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(Updates with economist comment in fourth paragraph.)
July 28 (Bloomberg) -- South Korea’s current-account surplus rose to an eight-month high in June as global demand for cars and steel bolstered exports, putting pressure on the won to strengthen further.
The surplus was $2.99 billion, compared with a revised $2.18 billion in May, the Bank of Korea said in a statement in Seoul today. The current account is the broadest measure of trade, tracking goods, services and investment income.
The Bank of Korea raised its forecast for this year’s current-account surplus to $15.5 billion from $11 billion on July 15, citing strong export growth and stabilizing raw material costs. Goldman Sachs Group Inc. said July 19 that the won may keep appreciating as the government seeks to damp inflation and exports benefit from a recovery in Japan and a “moderate” acceleration in U.S. growth.
“The sizable current-account surplus should add more pressure on the won, which is already rising fast,” said Kong Dong Rak, a fixed-income analyst at Taurus Investment & Securities Co. in Seoul. “The export outlook looks firm but a possible global economic slowdown should deal a blow.”
South Korea’s currency climbed to its strongest level in almost three years against the dollar yesterday, pushed up by overseas investors’ purchases of the nation’s assets. The won has gained about 7 percent so far this year, the most among major Asian currencies.
The won fell 0.3 percent to 1,052.93 per dollar as of 11:18 a.m., according to data compiled by Bloomberg. South Korea’s currency rose to as high as 1,048.30 yesterday, the strongest level since August 2008. The Kospi share index fell 0.9 percent.
The stronger won hasn’t stopped carmakers from projecting higher overseas sales. Hyundai Motor Co. and Kia Motors Corp. aim to increase U.S. sales by 18 percent to 1.06 million vehicles this year, the companies said last month. Hyundai, South Korea’s largest car maker, will announce second-quarter earnings today.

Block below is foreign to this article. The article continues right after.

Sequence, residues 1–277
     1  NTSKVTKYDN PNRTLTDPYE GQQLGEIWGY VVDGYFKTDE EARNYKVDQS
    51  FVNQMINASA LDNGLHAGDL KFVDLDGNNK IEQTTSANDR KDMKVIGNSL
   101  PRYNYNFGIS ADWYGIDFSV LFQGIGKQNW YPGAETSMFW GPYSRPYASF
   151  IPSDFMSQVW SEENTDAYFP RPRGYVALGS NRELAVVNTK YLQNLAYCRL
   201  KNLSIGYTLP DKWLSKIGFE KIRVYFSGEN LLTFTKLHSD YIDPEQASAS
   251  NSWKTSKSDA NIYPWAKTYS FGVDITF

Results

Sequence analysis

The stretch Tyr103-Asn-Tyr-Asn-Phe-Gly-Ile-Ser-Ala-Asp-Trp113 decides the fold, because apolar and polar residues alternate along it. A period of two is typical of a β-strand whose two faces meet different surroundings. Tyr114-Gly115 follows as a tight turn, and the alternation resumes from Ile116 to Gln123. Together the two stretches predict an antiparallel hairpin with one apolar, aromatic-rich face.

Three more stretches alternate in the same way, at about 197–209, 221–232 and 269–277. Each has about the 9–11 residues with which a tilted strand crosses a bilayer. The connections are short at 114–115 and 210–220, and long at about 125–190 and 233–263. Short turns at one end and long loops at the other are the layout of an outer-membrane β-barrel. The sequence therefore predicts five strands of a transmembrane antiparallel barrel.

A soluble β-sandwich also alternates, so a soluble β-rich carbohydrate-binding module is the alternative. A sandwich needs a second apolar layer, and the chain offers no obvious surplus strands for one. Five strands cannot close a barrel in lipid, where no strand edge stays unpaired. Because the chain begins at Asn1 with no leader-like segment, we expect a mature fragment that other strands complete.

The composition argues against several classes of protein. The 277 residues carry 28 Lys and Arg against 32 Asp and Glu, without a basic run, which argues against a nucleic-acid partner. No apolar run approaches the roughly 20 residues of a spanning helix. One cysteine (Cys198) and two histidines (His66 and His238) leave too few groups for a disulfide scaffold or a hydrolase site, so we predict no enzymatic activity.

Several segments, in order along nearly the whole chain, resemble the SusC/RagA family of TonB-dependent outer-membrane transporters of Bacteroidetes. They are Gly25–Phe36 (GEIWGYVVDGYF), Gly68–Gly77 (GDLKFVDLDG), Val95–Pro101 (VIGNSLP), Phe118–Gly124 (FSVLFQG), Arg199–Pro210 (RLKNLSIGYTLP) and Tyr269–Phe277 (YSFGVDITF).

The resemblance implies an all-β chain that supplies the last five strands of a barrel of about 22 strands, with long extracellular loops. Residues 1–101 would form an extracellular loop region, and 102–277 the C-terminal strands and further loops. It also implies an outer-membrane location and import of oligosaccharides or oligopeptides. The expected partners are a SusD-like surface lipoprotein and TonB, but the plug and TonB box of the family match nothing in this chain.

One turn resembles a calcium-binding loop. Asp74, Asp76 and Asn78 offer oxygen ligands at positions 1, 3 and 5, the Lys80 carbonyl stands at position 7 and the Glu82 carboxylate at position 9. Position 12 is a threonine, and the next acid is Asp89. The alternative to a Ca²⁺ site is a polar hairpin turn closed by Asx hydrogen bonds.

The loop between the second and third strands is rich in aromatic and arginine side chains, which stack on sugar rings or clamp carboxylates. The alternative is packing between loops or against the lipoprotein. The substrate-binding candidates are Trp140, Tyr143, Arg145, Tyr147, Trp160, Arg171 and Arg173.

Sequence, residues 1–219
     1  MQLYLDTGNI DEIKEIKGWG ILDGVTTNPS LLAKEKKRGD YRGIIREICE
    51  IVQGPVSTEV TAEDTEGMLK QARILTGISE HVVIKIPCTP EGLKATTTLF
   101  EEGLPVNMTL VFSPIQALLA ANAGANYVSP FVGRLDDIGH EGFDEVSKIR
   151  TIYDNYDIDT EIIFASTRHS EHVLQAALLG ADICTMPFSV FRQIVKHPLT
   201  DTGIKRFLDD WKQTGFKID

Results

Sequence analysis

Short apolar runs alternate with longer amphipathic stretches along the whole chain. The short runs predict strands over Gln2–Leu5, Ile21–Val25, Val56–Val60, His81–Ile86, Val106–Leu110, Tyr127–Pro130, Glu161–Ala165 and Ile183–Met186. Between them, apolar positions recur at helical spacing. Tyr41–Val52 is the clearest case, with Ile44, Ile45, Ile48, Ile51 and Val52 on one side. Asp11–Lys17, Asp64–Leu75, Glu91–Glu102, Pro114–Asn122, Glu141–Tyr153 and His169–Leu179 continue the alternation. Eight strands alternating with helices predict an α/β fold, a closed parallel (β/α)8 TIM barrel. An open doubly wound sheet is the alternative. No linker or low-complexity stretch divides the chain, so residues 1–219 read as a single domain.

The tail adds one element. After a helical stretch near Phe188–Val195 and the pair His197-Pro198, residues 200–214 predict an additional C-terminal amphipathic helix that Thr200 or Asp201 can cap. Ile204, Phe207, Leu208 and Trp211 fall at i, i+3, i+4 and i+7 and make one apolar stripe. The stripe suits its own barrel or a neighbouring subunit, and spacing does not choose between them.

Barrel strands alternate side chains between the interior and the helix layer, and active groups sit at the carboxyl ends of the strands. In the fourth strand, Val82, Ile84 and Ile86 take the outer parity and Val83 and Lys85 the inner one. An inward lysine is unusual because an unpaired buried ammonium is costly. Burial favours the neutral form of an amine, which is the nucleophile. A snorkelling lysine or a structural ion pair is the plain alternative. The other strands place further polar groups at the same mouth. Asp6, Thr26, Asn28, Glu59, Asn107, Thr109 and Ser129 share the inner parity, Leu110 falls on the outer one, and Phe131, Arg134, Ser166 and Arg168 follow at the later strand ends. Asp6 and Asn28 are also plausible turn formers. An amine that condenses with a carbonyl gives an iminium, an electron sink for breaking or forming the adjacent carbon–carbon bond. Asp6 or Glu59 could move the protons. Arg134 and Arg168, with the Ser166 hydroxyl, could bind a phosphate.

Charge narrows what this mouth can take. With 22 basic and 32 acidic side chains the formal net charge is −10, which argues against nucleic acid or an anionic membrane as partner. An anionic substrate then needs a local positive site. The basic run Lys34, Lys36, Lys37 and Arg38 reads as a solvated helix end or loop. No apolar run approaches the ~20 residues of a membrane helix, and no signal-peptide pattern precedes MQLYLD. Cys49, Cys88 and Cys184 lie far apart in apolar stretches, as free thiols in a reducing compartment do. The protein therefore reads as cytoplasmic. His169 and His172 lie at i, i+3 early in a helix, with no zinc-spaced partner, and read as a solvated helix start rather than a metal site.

South Korea’s Posco, the world’s third-biggest steelmaker, posted a 22 percent gain in second-quarter profit, aided by higher prices and earnings from its units.
The advances in the won may help ease inflation pressure, which the Bank of Korea has tried to contain by raising interest rates three times this year. The central bank kept the benchmark interest rate unchanged at 3.25 percent this month. Governor Kim Choong Soo’s policy board meets August 11 to decide whether to raise borrowing costs again.
Total exports on a customs-cleared basis rose 13.6 percent last month from a year earlier, compared with a revised 22 percent gain in May, according to today’s statement. Imports climbed 27.5 percent after expanding a revised 30.1 percent.
“Exports will likely stay strong in the second half as Japan is still struggling with the aftermath of the earthquake, giving additional chances to Korean exporters worldwide,” Kim Young Bae, a director-general at the Bank of Korea, told reporters in Seoul today.
Overseas shipments probably gained 19 percent this month after expanding in June at the slowest pace since October 2009, according to the median forecast of five economists surveyed by Bloomberg News. The latest monthly trade data will be released on Aug. 1.
The surplus on traded goods widened to $3.66 billion last month from a revised $1.63 billion in May, today’s report showed. The services account, which measures the flow of travel, transport costs and royalties, posted a deficit of $632 million in June, compared with a revised surplus of $16 million in May.
--Editors: Ken McCallum, Lily Nonomiya
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